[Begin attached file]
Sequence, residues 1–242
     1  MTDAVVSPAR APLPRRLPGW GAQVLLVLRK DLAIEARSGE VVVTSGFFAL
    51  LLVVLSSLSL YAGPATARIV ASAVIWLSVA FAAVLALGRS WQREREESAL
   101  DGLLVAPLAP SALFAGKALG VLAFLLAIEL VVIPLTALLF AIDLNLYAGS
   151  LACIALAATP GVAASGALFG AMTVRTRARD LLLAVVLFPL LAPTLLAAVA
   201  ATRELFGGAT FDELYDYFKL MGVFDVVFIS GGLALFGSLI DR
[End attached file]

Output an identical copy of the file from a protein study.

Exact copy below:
Sequence, residues 1–242
     1  MTDAVVSPAR APLPRRLPGW GAQVLLVLRK DLAIEARSGE VVVTSGFFAL
    51  LLVVLSSLSL YAGPATARIV ASAVIWLSVA FAAVLALGRS WQREREESAL
   101  DGLLVAPLAP SALFAGKALG VLAFLLAIEL VVIPLTALLF AIDLNLYAGS
   151  LACIALAATP GVAASGALFG AMTVRTRARD LLLAVVLFPL LAPTLLAAVA
   201  ATRELFGGAT FDELYDYFKL MGVFDVVFIS GGLALFGSLI DR